The overall availability rate for U.S. office space was unchanged as of the end of the third quarter of 2018, remaining at 18.1 percent, according to the latest Savills Studley Report: National Office Sector from commercial services firm Savills Studley. San Francisco remains the tightest market in the country, with an availability rate of 9 percent, followed by Boston/Suffolk County, 9.7 percent; New York City, 11.6 percent; and Austin, 12.8 percent. The report shows that the national overall asking rent fell by 0.1 percent to $34.37 per square foot ($369.96 per sq m) from $34.39 ($370.17 per sq m) in the third quarter from the previous quarter, but has jumped 2.4 percent year-on-year.

Other highlights from the third-quarter numbers include:

  • Tariffs’ Toll on Lumber. Hard costs associated with the steel, lumber, drywall, and wiring that go into buildings have been mounting in the past year, the reports says. According to lumber market industry tracker Random Lengths, the price of lumber from western Canada jumped from less than $220 per 1,000 board feet in fall 2015 to $350 last summer and then spiked to more than $650 by June 2018—an 80 percent rise in one year. Tariffs, national disasters such as Hurricane Irma, and a transportation worker shortage all contributed to the spike. The increase came a year after the Trump administration imposed a 20 percent tariff on Canadian lumber.
  • Build before the Cycle Ends. Though material costs like that for steel are rising, new office development remains elevated in many markets, according to the Savills Studley Some tech centers such as Silicon Valley, Boston, and Raleigh/Durham are near the top of the list for speculative office development. These three markets have a combined 9.8 million square feet (910,000 sq m) of development underway. San Francisco has just under 3 million square feet (279,000 sq m) under construction, but more than 90 percent of it is pre-leased. Development activity is also at high levels in markets that are more dependent on traditional office space users, such as Manhattan and Washington, D.C.: 20 million square feet (1.86 million sq m) of development is underway in those markets.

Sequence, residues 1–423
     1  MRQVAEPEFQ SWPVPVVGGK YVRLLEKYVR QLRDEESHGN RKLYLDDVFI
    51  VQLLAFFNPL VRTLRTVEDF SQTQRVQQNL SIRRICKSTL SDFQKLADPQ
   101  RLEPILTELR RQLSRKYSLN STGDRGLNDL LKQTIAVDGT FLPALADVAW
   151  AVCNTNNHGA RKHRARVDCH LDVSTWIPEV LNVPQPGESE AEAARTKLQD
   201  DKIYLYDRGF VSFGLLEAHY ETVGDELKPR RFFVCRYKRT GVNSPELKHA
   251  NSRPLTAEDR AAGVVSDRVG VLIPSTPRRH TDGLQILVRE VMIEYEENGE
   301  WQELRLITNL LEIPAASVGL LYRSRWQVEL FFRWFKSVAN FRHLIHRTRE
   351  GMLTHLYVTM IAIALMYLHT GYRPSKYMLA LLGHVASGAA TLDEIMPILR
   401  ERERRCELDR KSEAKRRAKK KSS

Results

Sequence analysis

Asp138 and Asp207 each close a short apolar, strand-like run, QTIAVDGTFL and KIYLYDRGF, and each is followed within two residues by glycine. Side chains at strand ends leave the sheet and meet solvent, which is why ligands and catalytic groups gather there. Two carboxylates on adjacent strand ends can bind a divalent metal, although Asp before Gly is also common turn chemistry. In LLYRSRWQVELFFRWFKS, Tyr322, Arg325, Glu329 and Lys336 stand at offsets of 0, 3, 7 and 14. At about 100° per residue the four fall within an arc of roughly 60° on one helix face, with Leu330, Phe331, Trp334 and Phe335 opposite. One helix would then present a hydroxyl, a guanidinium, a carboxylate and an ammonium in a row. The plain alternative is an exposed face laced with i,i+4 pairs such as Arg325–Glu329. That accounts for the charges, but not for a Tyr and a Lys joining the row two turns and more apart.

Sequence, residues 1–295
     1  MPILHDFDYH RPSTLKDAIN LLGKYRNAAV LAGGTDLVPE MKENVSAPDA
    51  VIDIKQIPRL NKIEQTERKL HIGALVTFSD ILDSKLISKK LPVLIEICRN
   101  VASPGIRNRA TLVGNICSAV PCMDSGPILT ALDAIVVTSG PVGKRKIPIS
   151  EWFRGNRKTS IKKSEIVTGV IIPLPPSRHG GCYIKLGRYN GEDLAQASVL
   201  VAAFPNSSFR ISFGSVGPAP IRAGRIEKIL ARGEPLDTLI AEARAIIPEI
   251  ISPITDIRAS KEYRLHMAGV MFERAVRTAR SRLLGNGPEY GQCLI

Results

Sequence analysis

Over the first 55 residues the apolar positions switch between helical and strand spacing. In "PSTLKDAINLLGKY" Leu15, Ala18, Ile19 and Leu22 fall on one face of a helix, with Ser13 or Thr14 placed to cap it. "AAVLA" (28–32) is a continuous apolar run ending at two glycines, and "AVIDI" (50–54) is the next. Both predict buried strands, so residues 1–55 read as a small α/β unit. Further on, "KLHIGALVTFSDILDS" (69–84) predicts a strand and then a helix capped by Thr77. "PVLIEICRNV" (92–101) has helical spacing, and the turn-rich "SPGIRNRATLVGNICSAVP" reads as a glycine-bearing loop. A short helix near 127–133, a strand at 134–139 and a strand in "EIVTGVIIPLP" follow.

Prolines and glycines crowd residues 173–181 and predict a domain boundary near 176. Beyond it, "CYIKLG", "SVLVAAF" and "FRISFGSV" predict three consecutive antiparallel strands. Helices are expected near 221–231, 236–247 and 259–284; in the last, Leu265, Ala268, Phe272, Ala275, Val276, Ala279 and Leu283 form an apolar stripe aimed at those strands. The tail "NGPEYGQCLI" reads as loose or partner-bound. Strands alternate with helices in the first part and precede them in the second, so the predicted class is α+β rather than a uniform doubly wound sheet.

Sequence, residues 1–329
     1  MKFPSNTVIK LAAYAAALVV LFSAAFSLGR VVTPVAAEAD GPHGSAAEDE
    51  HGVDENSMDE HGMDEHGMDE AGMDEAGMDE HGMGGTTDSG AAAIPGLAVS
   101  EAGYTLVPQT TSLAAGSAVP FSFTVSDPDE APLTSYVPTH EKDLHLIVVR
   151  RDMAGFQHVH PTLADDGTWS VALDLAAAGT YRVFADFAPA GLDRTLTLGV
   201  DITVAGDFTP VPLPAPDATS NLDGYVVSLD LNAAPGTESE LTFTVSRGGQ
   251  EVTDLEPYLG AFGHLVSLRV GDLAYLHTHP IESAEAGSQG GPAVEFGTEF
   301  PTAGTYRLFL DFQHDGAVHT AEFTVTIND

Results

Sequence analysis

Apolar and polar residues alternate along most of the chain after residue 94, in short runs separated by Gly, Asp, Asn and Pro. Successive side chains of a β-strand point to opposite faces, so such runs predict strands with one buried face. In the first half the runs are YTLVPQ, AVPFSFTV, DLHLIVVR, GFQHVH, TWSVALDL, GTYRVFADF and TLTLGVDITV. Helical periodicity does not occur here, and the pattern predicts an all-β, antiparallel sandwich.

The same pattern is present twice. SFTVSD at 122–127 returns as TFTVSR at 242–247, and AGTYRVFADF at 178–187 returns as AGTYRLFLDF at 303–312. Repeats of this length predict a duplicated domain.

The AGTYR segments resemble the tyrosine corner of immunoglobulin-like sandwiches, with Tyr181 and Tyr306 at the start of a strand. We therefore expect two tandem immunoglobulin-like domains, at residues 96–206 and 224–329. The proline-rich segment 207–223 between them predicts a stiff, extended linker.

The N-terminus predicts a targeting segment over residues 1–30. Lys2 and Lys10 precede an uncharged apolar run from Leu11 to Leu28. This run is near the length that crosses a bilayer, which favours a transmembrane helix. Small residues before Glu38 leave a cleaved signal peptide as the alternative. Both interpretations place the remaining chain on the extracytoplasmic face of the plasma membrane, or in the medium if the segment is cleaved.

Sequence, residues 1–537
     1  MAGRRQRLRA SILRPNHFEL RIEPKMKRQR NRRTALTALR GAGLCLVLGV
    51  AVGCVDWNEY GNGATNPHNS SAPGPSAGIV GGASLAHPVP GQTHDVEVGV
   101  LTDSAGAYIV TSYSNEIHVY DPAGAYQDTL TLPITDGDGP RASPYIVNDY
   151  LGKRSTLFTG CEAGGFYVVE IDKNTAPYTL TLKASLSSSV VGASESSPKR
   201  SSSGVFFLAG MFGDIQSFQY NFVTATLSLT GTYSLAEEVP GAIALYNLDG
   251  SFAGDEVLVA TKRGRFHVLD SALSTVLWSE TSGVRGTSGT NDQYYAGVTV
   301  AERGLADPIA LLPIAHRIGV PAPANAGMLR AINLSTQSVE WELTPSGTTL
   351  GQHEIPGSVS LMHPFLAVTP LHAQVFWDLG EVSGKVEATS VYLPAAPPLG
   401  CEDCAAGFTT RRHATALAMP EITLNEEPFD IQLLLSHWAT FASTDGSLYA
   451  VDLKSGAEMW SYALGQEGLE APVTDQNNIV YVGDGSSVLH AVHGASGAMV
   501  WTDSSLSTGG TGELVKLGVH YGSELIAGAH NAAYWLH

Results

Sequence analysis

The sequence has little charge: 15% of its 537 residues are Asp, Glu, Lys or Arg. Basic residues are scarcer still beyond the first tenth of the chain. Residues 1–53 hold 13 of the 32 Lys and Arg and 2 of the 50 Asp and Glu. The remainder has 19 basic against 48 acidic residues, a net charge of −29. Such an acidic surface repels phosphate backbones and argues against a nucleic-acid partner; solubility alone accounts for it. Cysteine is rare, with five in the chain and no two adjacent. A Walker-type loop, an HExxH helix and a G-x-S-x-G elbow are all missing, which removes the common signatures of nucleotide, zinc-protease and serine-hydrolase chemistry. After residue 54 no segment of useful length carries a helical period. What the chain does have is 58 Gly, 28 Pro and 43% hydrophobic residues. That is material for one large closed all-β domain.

• A League of Their Own. For many of the largest tech and creative-sector firms, the cost of space is not a stumbling block. In turn, office landlords still have ample pricing power in most tech markets such as San Francisco and Silicon Valley. At the same time, the flow of tech firms either relocating entirely to lower-cost markets or moving portions of their operations to secondary locations is not abating, Savills Studley reports.